Many adolescent and young adult cancer survivors struggle in the post-cancer period. Oncology nurses can help ensure that they don’t fall through the cracks.
Finishing cancer treatment is often seen as a triumphant event, with some oncology clinics having celebratory parties or bells to ring. However, for many adolescent and young adult (AYA) survivors, disease-related hardships are far from over.
AYA survivors often face late effects from their treatment, as well as psychosocial issues. And, now that they’re not being seen as often by their care teams, they run the risk of being lost to follow up. Nurses can be instrumental in making sure that this group does not fall through the cracks.
“I do think nurses are in a prime position,” said Amy J. Walker, PhD, RN, an associate professor at the University of Washington, Child, Family and Population Health Nursing, in an interview with Oncology Nursing News. Walker and colleagues recently led research to better identify the challenges that AYA survivors face after treatment ends.
Despite the risk for relapse or secondary cancers and long-term health issues as a result of aggressive cancer treatment, Walker explained that less than 50% of AYA survivors participate in long-term follow-up care.
“Decades after treatment, they will have late effects, and because they’re adolescents during treatment, when something happens 20 or 30 years later, it doesn’t answer their minds that cancer could be the reason,” Walker said. “Because they don’t follow up, we aren’t able to identify these late effects and problems as they occur. So long-term follow-up is a big deal.”
In addition to the physical challenges, their disease history can have major implications for their psychosocial health, as well. In their study, Walker and her team identified some of these issues, including getting back to school; relationships with parents, siblings, and friends; feeling changed by the experience; and concerns about relapse.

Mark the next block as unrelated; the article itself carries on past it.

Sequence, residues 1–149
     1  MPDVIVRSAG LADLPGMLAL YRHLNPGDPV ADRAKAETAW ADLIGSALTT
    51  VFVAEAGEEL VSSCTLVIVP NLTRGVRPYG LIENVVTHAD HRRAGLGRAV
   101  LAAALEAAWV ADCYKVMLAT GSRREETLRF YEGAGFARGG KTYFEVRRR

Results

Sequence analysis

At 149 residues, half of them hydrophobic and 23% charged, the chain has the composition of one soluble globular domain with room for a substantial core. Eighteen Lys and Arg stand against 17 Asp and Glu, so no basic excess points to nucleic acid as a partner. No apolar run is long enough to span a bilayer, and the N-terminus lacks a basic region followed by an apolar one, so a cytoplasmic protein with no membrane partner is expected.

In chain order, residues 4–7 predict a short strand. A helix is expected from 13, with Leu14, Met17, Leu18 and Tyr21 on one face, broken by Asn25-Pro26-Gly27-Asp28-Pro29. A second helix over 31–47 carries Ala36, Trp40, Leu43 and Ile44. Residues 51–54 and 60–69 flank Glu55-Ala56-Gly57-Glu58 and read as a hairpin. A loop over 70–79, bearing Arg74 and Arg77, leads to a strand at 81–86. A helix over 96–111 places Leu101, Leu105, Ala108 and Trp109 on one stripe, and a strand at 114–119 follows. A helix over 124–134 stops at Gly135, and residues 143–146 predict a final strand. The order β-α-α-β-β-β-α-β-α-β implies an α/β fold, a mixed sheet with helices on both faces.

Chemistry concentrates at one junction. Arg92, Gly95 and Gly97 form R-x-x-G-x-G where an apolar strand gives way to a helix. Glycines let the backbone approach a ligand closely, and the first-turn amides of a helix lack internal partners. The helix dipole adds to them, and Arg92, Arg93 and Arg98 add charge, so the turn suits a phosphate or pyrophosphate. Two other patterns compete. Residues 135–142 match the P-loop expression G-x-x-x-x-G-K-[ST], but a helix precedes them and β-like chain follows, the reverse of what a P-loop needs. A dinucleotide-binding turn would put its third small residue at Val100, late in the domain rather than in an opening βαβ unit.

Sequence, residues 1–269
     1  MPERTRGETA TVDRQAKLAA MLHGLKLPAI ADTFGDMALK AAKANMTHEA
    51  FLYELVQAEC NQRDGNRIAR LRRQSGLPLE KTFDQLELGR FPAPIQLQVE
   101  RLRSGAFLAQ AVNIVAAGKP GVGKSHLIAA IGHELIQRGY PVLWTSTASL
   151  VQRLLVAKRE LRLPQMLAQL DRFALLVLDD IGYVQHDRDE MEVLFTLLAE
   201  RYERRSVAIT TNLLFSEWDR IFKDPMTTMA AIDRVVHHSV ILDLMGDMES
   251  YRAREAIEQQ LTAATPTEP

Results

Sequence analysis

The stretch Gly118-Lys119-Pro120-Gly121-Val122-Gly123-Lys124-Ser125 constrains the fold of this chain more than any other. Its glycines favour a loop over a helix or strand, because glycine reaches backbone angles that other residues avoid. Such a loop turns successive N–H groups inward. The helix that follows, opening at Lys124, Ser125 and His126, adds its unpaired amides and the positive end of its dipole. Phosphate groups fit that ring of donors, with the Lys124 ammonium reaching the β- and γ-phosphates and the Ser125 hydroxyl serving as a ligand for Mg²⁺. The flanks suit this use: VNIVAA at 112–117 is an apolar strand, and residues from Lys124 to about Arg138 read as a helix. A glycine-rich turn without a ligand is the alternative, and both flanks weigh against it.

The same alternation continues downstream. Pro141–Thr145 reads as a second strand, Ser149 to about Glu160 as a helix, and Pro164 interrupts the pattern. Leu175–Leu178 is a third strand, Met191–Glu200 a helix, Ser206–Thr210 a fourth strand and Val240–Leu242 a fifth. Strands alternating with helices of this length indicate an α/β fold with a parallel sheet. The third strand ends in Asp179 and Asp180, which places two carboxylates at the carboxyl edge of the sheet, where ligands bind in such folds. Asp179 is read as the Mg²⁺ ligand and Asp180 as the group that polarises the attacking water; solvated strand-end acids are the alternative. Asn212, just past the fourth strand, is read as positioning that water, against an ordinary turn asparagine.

These issues can be compounded by the transitional period that these patients may be in when they face their cancer diagnosis. Usually, they are establishing themselves and gaining independence from their parents. Then, after being diagnosed, many AYA patients go back to heavily relying on their family. Not to mention, Walker noted that this group tends to hit developmental milestones — such as moving out and getting married/finding a life partner – later than their healthier peers.
At the end of treatment, oncology nurses should begin — and then continue – conversations about these topics with their patients, emphasizing the importance of follow-up care and personal health planning.
However, Walker also mentioned that these conversations must be handled delicately.
“I think at the end of treatment, there's this celebratory feeling, and because the treatment is so rough, that there's a tendency to not want to say, 'And now you're really at risk for all of these things.' It kind of dampens their hope,” Walker said. “I think that's what a lot of people are thinking, so people don't tend to talk about it very much. We need to make a lot of improvements in terms of anticipatory guidance for survivors and parents about the period.”
In order to improve these conversations, nurses should let AYA survivors know the following, according to Walker:
“I would love to see parents and survivors work with psychologists to help them deal with what has happened to them, and their future. I think we need to definitely develop transition programs so that we don't just dump them at the end,” Walker said.